Posts tagged Imdb.com

Memorable Quotes from “The Help” and human rights today

I knew when I read the book by Kathryn Stockett titled “The Help” two years ago that it would eventually be turned into a movie.  I didn’t know that it would happen as quickly as it did when it opened to theaters in the U.S. on August. 10th.  We watched it last night to a nearly packed audience. I’m sure it will have receive many Oscar awards when that season begins. The range of up and down emotions you go through as you watch the movie are from lighthearted fun to intense ache and pain in the relationships.

I believe the movie stayed true to the book. The following are some memorable quotes I picked off of imdb.com in no particular order. (Internet Movie Database)

Aibileen Clark  is a black maid who says to white baby girl she takes care of: “You is kind. You is smart. You is important.”
Charlotte Phelan says to her daughter Skeeter: Your eggs are dying. Would it kill you to go on a date?
Aibileen Clark: 18 people were killed in Jackson that night. 10 white and 8 black. I don’t think God has color in mind when he sets a tornado loose.
Preacher Green says to his congregation: If you can love your enemy, you already have victory.
Aibileen Clark says to Skeeter when she goes to interview Aibileen: I ain’t never had no white person in my house before.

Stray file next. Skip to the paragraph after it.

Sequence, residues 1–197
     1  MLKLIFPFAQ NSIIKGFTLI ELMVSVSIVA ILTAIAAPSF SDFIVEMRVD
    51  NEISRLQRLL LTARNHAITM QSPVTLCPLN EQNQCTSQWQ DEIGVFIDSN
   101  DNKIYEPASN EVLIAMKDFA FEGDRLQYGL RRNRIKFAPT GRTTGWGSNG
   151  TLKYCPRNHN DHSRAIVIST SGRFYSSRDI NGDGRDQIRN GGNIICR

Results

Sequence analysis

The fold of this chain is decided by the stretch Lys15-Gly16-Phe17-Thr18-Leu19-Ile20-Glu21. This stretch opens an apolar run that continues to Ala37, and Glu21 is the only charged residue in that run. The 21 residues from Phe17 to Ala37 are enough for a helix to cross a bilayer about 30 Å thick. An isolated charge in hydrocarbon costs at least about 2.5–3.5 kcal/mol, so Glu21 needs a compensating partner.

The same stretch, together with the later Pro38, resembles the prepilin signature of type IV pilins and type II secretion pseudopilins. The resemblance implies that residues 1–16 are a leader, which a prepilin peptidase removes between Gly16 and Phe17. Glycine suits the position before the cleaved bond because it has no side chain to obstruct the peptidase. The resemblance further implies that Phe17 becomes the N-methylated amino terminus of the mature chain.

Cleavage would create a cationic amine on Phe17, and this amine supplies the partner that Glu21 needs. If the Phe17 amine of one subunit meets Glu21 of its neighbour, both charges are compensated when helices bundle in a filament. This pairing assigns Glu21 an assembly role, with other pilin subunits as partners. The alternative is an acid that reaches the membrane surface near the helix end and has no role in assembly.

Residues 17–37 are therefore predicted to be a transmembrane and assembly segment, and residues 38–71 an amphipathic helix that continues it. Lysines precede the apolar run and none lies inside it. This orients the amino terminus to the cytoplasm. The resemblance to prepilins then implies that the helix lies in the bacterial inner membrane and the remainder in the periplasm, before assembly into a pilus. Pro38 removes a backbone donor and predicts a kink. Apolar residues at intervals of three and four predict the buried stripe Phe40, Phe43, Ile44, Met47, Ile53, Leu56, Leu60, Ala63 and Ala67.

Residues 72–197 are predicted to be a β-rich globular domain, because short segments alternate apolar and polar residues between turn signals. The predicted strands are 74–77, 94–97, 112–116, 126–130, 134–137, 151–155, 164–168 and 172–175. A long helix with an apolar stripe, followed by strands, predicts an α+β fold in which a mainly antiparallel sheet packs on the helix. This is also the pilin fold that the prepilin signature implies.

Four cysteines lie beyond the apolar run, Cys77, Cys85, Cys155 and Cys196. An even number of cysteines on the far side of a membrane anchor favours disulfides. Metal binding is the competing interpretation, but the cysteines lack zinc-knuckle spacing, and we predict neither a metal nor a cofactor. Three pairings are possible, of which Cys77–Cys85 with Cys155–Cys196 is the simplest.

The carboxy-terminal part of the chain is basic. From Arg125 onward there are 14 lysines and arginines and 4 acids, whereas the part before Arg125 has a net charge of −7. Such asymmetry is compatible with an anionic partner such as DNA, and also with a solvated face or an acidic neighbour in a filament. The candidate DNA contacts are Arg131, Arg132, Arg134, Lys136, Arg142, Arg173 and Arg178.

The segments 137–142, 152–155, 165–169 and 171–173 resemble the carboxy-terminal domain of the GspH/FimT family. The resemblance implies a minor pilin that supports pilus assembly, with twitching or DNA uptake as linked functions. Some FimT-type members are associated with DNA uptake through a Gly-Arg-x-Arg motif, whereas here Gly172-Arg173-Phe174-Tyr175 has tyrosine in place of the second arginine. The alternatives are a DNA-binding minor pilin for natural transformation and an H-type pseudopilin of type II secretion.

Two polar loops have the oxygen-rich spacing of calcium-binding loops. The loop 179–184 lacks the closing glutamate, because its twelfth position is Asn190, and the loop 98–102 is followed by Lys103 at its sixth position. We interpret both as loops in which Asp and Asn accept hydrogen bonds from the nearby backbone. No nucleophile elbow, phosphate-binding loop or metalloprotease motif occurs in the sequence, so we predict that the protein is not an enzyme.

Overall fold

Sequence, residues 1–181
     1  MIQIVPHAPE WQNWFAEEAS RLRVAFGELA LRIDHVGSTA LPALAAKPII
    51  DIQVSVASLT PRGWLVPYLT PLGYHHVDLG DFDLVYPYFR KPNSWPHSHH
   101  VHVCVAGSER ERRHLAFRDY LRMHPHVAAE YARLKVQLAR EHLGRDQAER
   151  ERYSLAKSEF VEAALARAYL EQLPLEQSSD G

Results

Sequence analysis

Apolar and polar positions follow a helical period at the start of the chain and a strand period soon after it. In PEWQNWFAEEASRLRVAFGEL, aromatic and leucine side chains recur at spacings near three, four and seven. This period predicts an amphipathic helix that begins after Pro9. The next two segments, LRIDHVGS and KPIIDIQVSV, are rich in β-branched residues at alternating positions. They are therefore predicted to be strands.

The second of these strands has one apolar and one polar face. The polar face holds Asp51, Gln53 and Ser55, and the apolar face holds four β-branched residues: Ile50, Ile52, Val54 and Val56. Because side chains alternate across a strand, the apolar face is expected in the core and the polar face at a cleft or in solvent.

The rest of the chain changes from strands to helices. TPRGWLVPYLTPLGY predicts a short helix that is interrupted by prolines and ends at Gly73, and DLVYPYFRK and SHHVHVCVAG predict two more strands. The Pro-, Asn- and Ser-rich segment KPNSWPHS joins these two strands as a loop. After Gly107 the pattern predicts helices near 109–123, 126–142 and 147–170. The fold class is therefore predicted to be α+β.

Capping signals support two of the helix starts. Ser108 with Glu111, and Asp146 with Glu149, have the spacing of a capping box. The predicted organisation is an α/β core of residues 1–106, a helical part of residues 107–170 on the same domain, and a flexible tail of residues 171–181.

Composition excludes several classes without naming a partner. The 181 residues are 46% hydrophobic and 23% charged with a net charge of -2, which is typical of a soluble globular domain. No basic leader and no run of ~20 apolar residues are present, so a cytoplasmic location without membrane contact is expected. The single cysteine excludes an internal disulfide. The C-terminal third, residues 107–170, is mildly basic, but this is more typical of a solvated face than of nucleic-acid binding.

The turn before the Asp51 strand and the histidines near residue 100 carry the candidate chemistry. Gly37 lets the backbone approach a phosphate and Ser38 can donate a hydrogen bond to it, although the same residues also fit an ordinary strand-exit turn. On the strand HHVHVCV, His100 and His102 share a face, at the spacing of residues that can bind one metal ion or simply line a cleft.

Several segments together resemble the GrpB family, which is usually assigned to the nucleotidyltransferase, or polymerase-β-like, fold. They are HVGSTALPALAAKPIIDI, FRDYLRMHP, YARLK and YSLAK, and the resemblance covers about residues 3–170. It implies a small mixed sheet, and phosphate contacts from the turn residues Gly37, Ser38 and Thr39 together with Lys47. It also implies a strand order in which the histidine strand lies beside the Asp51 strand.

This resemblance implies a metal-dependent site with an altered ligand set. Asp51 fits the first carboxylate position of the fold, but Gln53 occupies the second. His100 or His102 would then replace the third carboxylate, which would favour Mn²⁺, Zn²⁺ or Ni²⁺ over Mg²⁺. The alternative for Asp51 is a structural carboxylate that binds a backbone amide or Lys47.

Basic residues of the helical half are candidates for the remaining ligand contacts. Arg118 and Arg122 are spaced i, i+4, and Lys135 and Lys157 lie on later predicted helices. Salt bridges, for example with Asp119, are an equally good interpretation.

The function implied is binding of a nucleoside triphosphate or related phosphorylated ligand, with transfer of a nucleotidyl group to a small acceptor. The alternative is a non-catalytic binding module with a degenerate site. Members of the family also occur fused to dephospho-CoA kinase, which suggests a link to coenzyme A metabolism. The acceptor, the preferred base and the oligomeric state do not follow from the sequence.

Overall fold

Stuart Whitworth, Skeeter’s boyfriend: Isn’t that what all you girls from Ole Miss major in – professional husband hunting?
Minny Jackson maid who says to her flighty employer Celia: Fried chicken just tend to make you feel better about life.

Charlotte Phelan says to her daughter Skeeter: Courage sometimes skips a generation. Thank you for bringing it back to our family.

Minny Jackson says to Celia: Minny don’t burn fried chicken.

Celia Foote: They don’t like me because of what they think I did.
Minny Jackson: They don’t like you ’cause they think you white trash.
Now, how does this movie relate to human rights today?  Of course, everything that I see or hear goes through my grid about human trafficking in Kazakhstan and elsewhere in the world. I believe there may still be pockets of “slave mentality” in the deep South of the U.S. but after the Civil War that poisonous thinking was supposed to be totally eradicated. Right? We have laws in place that protect human life (except for Roe v. Wade which is another hot topic that I won’t get into in this blog) The unfortunate thing is that there is so much going on in the world that does NOT protect human life.  Human trafficking is not just in Kazakhstan but China and India and many other places where there are powerful, rich people who victimize poor people who have no other options.
So, yes, Americans will go to the movie “The Help” now and feel good about themselves that we, as a nation, have come a LONG ways from the 1960s where the blacks were put down and there was intimidation and fear.  However, they will willfully remain ignorant of what is happening in the rest of the world where little girls as young as two years old are used as sex toys in temples in India.  Yes, I just read an article about it today and it grieves me sorely.
(to be continued)

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Pope John Paul II’s legacy